Harper's Young People, May 11, 1880 An Illustrated Weekly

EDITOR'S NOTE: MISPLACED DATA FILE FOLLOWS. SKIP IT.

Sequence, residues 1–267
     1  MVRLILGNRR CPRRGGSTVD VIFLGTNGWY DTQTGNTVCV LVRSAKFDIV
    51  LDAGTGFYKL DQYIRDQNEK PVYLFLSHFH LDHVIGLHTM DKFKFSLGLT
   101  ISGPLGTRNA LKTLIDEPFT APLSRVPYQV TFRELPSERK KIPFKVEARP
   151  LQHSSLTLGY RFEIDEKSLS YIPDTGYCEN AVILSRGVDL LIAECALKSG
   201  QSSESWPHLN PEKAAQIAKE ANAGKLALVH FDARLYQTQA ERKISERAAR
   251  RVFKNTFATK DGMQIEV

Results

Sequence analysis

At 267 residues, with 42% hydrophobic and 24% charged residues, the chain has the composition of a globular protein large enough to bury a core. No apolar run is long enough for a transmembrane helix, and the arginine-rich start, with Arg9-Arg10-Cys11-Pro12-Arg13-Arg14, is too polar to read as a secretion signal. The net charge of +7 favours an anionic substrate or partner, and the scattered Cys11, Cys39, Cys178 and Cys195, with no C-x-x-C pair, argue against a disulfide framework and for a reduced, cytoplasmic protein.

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Excerpt Although in the remote and dreary ice regions of the extreme North a variety of game, including bear, whale, walrus, seal, reindeer, foxes, wolves, ptarmigan, ducks, and geese, is found and pursued by the hardy Esquimau, or Innuit, it is upon the capture of the seal that he expends the most time and labor. The seal is everything to him, and without it life could hardly be sustained. In the words of Captain Hall: "To the Innuit the seal is all that flocks and herds, grain fields, forests, coal mines, and petroleum wells are to dwellers in more favored lands. It furnishes him with food, fuel, and clothing." "Nutchook" (the seal) is one of the most wary and suspicious of animals, and to capture him when he is on his guard requires an almost incredible amount of skill and perseverance. The Innuits say that "Ninoo" (the bear) taught them to capture the seal, and that if they could talk to Nutchook as cleverly as Ninoo does, they would capture him much oftener than they do. When Ninoo sees, at a distance upon the ice, a black spot that he knows to be Nutchook taking a nap beside his air-hole, he makes up his mind that he will dine that day off seal. Nutchook's nap is a series of "cat-naps," each lasting about ten seconds, and after each he lifts his head and looks around. Ninoo crouches low upon the ice, and creeps along when the seal is napping. The moment his head is raised, the bear stops short and begins to talk to Nutchook. The sound that he utters while thus talking is quite different from his ordinary voice, and seems to charm the seal, who lays his head down for another nap, during which Ninoo again advances. At last the bear is within springing distance, and in a moment all is over with poor Nutchook. Although seals are caught at all seasons of the year, the great hunts take place in the spring and early summer months. At this time the fur is in the best possible condition, and as they play in the open water lanes near the coast, or bask in great numbers on the ice, their capture is comparatively easy. During the summer the glare of the sun so affects the eyes of the seal that he becomes almost blind, and is easily approached. Hundreds of vessels, many of them steamers, are engaged in the seal fishery, and on the first page of this number is a picture of the boats belonging to one of these "sealers" drifting cautiously down upon a number of seals that have been basking and frolicking on the ice, heedless of the approach of danger. Hundreds of thousands of seals are thus killed every year for the sake of their skins, which are shipped to every part of the world, and from which are made the beautiful sacques, muffs, tippets, and gloves with which most of our readers are so familiar. Only last month a disaster occurred that vividly illustrates the danger of sealing. A huge ice-field a hundred miles long, and bringing with it thousands of seals, drifted down from the North, and stranded on the coast of Newfoundland near St. Johns. For several days the people living along the coast ventured far out on the ice, and captured great numbers of the seals. Suddenly, on the 4th of April, the northeast wind that had been blowing steadily for two weeks, and keeping the ice packed, changed to a warm southerly breeze. The ice-pack broke, became intersected in every direction by lanes of water, and began to drift out to sea, carrying with it more than two hundred of the hardy hunters. Many of these were rescued by steamers, but others were borne away into the fog, beyond the hope of rescue, far out to sea, where they have perished from starvation, freezing, or drowning....
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